The last time we elected a president, issues like immigration reform, foreign policy, LGBT rights and universal healthcare were the hot topics making national headlines.

This election year, it’s time to add a new topic to the list: regenerative therapy, specifically adult stem cell therapy. Stem cells continue to be a controversial topic, even autologous adult stem cells, the kind that come from a patient’s own body. But perhaps the biggest controversy stems from the U.S. government preventing individuals from using their own cells to improve their health.

Since 2012, our legislators have worked to propose bipartisan bills that would support the development of new therapies, treatments and drugs aimed at treating, rather than managing, disease. According to the Center for Disease Control and Prevention, 117 million Americans are chronically ill. Nearly 60 percent of Americans are on . Seven of the top 10 causes of death in the United States are chronic diseases, with arthritis being the most common cause of disability in America. I’ve lived with Systemic Juvenile Idiopathic Arthritis (SJIA) and Dysautonomia my entire life, and if not for the help of a new therapy, using hundreds of millions of my own adult stem cells, I would not be alive today.

“According to the Center for Disease Control and Prevention, 117 million Americans are chronically ill.”

celltextherapeutics_21stcenturycures_op%2fed_houston_2At 23-years-old, I had lived most of my life in hospitals, but doctors said my time was running out. All traditional treatments had been tried with limited or no success. Using one of the least invasive stem cell therapies known in the United States, I have experienced a transformation that my doctors can only describe as “a medical breakthrough.”

Over the course of 18 months, I have been able to reduce the number of prescription drugs I was taking from 23 to eight medications at lowered doses. I can eat again and absorb nutrients; I’m not in constant pain, and I haven’t needed chemotherapy or been immune-suppressed since that first stem cell infusion in November 2014.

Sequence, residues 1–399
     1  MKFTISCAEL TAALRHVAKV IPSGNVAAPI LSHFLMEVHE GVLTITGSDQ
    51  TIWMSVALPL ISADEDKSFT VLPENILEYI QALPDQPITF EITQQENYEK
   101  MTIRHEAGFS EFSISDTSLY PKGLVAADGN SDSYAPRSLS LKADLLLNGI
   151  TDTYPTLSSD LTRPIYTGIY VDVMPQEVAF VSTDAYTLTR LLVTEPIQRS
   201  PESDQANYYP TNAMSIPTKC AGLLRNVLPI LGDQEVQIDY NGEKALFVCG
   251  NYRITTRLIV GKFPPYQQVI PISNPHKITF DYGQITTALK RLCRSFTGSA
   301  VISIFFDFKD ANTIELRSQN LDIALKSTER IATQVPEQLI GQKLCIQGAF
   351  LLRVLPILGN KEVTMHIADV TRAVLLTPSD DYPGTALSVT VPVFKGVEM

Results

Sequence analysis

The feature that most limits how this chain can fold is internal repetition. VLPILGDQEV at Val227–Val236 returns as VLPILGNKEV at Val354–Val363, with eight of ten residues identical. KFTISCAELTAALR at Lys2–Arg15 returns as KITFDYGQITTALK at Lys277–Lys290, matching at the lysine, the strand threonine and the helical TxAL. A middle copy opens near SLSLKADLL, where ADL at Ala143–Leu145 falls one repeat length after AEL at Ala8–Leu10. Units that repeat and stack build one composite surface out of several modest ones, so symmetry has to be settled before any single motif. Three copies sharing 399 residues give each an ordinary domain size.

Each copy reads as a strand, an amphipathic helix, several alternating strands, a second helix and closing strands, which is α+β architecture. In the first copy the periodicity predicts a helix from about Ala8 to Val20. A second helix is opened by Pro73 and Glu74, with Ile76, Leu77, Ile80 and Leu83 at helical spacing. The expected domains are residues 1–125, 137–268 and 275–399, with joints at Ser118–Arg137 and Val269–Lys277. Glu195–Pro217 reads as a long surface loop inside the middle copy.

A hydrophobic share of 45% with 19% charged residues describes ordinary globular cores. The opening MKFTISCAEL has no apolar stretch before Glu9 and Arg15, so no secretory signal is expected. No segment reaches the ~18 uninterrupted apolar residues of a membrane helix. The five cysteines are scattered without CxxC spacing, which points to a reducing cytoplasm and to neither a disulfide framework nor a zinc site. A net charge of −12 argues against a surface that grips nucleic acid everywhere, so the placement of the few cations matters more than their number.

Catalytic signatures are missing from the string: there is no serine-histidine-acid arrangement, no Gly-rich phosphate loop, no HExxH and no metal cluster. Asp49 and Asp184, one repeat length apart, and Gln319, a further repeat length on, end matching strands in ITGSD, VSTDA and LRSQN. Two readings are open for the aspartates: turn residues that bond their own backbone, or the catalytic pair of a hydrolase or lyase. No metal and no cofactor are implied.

Because the FDA considers my stem cells to be a drug, I had to leave the United States to have adult stem cell therapy. I was running out of time and I was willing to put my life on the line to get on that airplane. I had limited hopes or expectations because conventional medicines I had taken over the course of 23 years had taught me not to hope. My quality of life had become so dismal, one small change would have been enough for me. What happened in the days, weeks and year after my first infusion has changed my worldview. It’s hard to believe that, in my sick body, I had a wealth of healthy adult stem cells with the ability to so significantly improve my quality of life.


Before stem cell therapy, I wasn’t planning my future because I didn’t have one. Now, I wake up every day and I am overwhelmed thinking about all the choices I have that I didn’t have before. I also think about the millions of people in this country who are still living as I was – a shell of a human being, dealing with constant pain, unable to think about tomorrow. It’s sad knowing the people who could benefit most from adult stem cell therapy are probably too sick to get on an airplane.

If we consider America to be the world’s greatest country, why are we making it so hard for people to get better?

In the same way that people receive blood transfusions, I received an infusion of my adult mesenchymal stem cells. Why does the laws call our stem cells a drug?

Regulations state that if our stem cells are expanded in large numbers through cell culturing, then they are drugs that have been “more than minimally manipulated.” If you look at the science, my cells were not manipulated. The lab, operated by Houston-based biotechnology company, Celltex Therapeutics, started with about 200,000 mesenchymal stem cells (MSCs) taken from adipose tissue, or fat.

Then the cells were isolated and nurtured in a laboratory until they grew to hundreds of millions. The power of that many MSCs has been researched and documented over the past four and a half decades. Several countries have already made leaps and bounds with this technology, but America still lags behind.

I believe it is my moral obligation and duty to tell my story to any elected official, any regulator, any celebrity, and any media outlet until we change the way we manage disease and pain.

My experience has taught me the power of hope, and my greatest hope is that we come together as a nation to build a new path to make stem cell therapy a reality for Americans who are suffering and have no quality of life.


Sarah Hughes is a Houston resident and adult stem cell recipient. She addressed the United States Food and Drug Administration on the regulation of stem cells on September 12-13, 2016 at the National Institutes of Health (NIH) in Bethesda, MD.

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